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Hewlett-Packard (HPQ) Is a Buy After Solid Earnings

After its respectable Q2 report, HP needs to improve its fundamentals


Recommendation: B-rated ‘Buy’

Welcome to the Stock of the Day for August 21, 2014. After yesterday’s close, Hewlett-Packard (HPQ) announced a 29% year-over-year drop in Q3 profits. Even so, HPQ shares still rose to a multiyear high after the report. What has investors logging onto HPQ?

Company Overview

HP Hewlett-Packard corporate building
Source: Flickr

With 317,000 employees and $112 billion in annual sales, HP is one of the largest computer companies in the world. Even so, sales and profits have remained flat for some time as more consumers opt for tablet computers over traditional desktop or laptop computers.

Earnings Rundown

During the third quarter Hewlett-Packard earned $985 million, or $0.52 per share, on $27.6 billion in revenue. Compared with Q3 2012, HP had a 29% drop in profits and a 1% increase in sales. The slight uptick in sales breaks a 11-consecutive quarter streak of declining sales. Excluding special items, adjusted earnings were $0.89 per share. Analysts had expected $0.89 earnings-per-share on $27.01 billion in revenue so Hewlett-Packard met earnings estimates and posted a modest sales surprise. Looking ahead to FY 2014, HP now expects to post unadjusted earnings between $2.75 and $2.79 per share and adjusted earnings between $3.70 and $3.74 per share.

Current Ratings

Before you buy any stock, you should always run it through my free Portfolio Grader ratings system. For the better part of the past year, HP stock has been able to maintain a “buy” rating thanks to the strong institutional buying-pressure backing it. HPQ currently earns an “A,” but on the fundamentals side, there is room for improvement. Of the eight fundamental metrics I graded HPQ on, three outright failed (sales growth, earnings momentum and earnings surprises).  Hewlett-Packard’s operating margin growth and analyst earnings revisions squeaked by with “Cs.” Earnings growth, cash flow and return on equity earned top marks. Averaging all these grades together, HPQ earns a “C” for its fundamentals.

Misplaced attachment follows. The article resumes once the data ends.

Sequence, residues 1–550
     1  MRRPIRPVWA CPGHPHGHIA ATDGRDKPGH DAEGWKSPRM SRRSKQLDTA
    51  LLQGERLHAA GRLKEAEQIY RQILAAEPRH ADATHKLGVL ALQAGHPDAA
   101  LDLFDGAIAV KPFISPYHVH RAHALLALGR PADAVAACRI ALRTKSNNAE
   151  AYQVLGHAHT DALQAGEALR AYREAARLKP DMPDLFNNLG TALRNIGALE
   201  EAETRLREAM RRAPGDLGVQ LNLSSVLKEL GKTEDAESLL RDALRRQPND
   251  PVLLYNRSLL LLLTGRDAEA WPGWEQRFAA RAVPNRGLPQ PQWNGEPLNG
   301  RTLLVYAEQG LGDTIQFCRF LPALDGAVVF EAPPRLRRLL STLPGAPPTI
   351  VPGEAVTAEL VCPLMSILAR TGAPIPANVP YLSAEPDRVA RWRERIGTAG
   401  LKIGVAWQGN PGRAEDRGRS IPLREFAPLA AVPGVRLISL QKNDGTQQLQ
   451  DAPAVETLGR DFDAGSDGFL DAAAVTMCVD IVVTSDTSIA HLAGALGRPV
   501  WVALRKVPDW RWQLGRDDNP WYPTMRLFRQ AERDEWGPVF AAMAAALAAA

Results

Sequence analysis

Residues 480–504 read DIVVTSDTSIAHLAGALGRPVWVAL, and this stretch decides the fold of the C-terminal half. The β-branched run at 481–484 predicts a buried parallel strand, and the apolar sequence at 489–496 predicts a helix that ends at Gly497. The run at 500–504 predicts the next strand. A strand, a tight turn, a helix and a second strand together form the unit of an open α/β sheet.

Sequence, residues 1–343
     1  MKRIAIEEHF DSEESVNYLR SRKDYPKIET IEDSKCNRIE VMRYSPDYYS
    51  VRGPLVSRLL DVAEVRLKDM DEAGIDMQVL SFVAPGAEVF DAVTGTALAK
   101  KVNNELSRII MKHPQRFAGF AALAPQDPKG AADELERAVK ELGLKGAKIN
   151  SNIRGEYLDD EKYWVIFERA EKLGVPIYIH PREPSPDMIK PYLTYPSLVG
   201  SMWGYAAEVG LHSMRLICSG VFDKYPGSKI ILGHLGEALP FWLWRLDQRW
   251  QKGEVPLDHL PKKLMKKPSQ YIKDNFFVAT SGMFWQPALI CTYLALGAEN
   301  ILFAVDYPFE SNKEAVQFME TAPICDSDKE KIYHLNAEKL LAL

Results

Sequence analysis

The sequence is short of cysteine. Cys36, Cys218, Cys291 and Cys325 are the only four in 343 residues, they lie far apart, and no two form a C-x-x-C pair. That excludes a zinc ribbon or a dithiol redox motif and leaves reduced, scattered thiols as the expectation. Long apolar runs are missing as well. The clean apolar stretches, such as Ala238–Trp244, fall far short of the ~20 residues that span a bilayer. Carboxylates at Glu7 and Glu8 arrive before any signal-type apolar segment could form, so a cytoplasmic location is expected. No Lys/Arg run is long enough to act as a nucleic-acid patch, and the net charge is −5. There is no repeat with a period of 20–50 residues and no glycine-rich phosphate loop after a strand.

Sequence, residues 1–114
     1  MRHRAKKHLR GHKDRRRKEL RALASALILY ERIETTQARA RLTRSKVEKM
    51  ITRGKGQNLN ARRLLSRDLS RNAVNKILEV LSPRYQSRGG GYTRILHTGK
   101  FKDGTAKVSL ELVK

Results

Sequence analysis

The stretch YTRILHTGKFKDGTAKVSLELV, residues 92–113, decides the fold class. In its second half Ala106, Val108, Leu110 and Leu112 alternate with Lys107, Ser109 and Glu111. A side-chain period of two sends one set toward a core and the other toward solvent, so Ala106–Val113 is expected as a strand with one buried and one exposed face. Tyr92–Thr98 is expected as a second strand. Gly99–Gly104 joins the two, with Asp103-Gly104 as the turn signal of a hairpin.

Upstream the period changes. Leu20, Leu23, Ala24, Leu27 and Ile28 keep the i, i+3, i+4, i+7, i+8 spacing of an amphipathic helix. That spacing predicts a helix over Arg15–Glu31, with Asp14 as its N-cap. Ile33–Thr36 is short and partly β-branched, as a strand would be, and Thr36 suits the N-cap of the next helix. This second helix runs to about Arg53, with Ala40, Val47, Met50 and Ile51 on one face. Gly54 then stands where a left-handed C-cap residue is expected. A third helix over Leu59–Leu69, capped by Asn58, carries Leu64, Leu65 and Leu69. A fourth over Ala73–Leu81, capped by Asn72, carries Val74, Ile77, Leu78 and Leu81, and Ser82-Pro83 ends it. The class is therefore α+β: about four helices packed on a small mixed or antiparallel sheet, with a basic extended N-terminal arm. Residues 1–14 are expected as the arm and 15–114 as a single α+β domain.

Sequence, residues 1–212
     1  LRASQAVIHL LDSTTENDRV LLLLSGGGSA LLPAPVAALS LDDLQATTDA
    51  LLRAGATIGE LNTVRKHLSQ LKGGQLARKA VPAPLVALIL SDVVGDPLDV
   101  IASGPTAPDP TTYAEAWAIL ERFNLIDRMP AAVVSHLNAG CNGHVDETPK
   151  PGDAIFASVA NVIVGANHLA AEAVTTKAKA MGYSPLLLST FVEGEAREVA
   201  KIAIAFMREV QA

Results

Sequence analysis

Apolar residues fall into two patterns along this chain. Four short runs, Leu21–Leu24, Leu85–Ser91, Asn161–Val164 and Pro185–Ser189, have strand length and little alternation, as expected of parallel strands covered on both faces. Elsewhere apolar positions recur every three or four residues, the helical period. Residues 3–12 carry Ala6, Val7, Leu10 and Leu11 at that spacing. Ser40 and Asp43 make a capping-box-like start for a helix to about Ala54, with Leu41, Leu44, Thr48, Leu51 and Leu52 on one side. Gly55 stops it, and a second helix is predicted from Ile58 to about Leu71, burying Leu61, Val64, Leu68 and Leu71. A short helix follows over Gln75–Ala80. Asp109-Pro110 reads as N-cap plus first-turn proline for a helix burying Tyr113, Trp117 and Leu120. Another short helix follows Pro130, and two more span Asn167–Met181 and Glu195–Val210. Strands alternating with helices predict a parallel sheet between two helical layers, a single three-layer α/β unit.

Bottom Line

As of this posting on August 21, 2014, I consider HPQ a “B’-rated “buy.” My expectation is that some of these low fundamental grades will firm up once the latest earnings data has been plugged in.

Louis Navellier is a renowned growth investor. He is the editor of five investing newsletters: Blue Chip GrowthEmerging GrowthUltimate GrowthFamily Trust and Platinum Growth. His most popular service, Blue Chip Growth, has a track record of beating the market 3:1 over the last 14 years. He uses a combination of quantitative and fundamental analysis to identify market-beating stocks. Mr. Navellier has made his proven formula accessible to investors via his free, online stock rating tool, Louis Navellier may hold some of the aforementioned securities in one or more of his newsletters.

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